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When it comes to negotiating as a woman, reality ain’t so peachy.
FOR THE GREATER GOOD

The negotiating advice Sheryl Sandberg hates giving women—but needs to

By Leah Fessler

At a recent forum on women’s economic opportunity, Facebook chief operating officer and Lean In author Sheryl Sandberg fielded a difficult question: What advice do you have for women working to launch a new business, in terms of overcoming discrimination they may face in receiving funding? 

She offered the audience an answer, but it was one she was sorry to provide.

“I want to be clear, I’m about to give advice that I don’t want to give, because I don’t want these biases to exist. But the best way to get rid of these biases is to get women to negotiate well …” she said. To that end, she advised that women seeking a raise or promotion frame the negotiation in terms of the collective benefit to the organization, rather than just in terms of why she ought to be recognized.

“If you are negotiating for a raise and you are a man, you can walk in and say ‘I deserve this.’ That will not backfire on you,” Sandberg said at the Oct. 19 forum at Stanford University, which was hosted by The Hamilton Project at the Brookings Institution, LeanIn.Org, and Stanford Law School. “We know the data says it will backfire on a woman. So I think along with saying ‘I deserve this,’ [women should explain] that, you know, ‘This is important for [my] performance,’ and ‘This will make [me] more effective as a team member.'”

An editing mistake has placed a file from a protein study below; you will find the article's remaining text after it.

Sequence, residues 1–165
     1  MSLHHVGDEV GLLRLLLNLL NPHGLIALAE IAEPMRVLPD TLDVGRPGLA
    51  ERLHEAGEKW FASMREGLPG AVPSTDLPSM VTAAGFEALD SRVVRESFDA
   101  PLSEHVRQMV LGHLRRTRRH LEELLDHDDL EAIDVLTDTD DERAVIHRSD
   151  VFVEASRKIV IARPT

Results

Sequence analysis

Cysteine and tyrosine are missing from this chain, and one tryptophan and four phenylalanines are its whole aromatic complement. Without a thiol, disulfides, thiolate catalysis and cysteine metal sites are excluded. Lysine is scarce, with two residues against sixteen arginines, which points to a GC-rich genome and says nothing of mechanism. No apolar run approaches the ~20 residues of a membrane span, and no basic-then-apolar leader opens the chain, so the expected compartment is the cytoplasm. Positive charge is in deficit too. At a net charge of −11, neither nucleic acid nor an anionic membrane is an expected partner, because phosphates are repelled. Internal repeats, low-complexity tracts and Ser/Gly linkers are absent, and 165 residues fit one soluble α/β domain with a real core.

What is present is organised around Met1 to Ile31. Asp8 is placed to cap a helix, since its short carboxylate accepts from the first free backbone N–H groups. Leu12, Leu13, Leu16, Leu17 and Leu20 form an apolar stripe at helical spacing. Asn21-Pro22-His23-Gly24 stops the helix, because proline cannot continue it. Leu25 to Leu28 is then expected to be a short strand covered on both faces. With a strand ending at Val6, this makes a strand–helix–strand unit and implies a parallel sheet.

The advice essentially draws on one of the most universal stereotypes—that women should be communal-minded, always giving to others, while men should be leaders. This trope is why “when a woman leads, or when a girl leads, we call her bossy and aggressive, and when a boy leads, it’s fine,” Sandberg says. It’s also one reason why women see less success negotiating for raises and VC funding: because in these circumstances, they’re generally negotiating for themselves, not others.

Ideally, men would be more team-based in their negotiations, too. “Everyone being more communal would be a welcome change,” Sandberg says.

Until that day comes, it’s unfair to put a special burden on women to negotiate communally. But if it leads to advancement, then it at least puts them in a better position to level the playing field once they’ve attained the power they deserve.